Worm-eating Warbler

About the Worm-eating Warbler
Worm-eating Warbler

The Worm-eating Warbler is a small and relatively plainly-plumaged New World species of warbler. They are migratory; they breed in southeastern parts of North America and spend the winter in the Caribbean and parts of Central America.

Worm-eating Warblers are ground-nesters, building a cozy nest of leaves and moss in a safe place on the forest floor. Despite their name, they rarely eat worms and don't usually even forage for food on the ground. They eat small insects including spiders and caterpillars.

The population trend for the Worm-eating Warbler is increasing and their conservation status as of June 2013 is Least Concern.

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Details & Statistics



The Worm-eating Warbler is listed as Least Concern on the IUCN Red List and was last assessed in 2012 by BirdLife International. This species has an extremely large range, and hence does not approach the thresholds for Vulnerable under the range size criterion (Extent of Occurrence <20,000 km2 combined with a declining or fluctuating range size, habitat extent/quality, or population size and a small number of locations or severe fragmentation). The population trend appears to be increasing, and hence the species does not approach the thresholds for Vulnerable under the population trend criterion (>30% decline over ten years or three generations). The population size is very large, and hence does not approach the thresholds for Vulnerable under the population size criterion (<10,000 mature individuals with a continuing decline estimated to be >10% in ten years or three generations, or with a specified population structure). For these reasons the species is evaluated as Least Concern.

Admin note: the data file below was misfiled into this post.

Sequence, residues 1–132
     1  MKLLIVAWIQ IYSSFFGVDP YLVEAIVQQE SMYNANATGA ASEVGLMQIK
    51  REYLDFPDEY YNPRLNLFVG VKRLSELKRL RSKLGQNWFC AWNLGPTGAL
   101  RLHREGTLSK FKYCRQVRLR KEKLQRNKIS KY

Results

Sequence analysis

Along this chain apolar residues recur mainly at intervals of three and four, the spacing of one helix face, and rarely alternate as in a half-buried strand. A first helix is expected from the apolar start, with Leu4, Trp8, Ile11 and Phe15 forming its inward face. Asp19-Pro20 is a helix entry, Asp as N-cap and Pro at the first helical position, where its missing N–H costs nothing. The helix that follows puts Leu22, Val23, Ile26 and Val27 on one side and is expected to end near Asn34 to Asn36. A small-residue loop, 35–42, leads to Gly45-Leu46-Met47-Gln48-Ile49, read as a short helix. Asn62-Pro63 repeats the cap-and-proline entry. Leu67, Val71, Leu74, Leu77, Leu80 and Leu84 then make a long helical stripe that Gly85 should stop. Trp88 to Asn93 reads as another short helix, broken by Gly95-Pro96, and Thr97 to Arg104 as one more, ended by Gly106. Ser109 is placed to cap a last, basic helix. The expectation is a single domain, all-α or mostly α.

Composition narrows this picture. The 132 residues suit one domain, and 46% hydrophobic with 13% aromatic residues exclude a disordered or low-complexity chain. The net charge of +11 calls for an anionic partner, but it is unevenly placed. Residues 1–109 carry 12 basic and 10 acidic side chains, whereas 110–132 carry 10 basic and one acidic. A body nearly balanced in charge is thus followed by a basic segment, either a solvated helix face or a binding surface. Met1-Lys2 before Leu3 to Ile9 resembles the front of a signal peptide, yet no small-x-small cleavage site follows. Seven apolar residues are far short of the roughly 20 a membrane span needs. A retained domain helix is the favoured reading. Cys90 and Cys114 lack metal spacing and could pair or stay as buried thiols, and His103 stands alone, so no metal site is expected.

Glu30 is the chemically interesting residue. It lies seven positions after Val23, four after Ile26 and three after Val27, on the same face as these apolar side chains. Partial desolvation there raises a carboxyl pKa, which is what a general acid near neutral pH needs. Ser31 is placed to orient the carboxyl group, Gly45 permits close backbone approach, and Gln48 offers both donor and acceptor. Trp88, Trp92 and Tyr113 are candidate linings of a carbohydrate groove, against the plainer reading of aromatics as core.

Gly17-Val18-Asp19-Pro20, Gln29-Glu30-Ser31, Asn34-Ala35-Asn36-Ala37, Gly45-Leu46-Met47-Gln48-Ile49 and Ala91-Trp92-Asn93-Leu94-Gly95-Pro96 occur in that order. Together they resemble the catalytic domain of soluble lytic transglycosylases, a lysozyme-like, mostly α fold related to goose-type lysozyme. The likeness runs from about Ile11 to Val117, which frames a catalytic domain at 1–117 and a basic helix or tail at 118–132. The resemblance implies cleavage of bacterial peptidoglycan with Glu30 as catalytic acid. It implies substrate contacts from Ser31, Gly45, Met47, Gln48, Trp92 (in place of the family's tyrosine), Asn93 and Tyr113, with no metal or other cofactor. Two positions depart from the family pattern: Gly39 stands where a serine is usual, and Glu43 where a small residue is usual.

International Names

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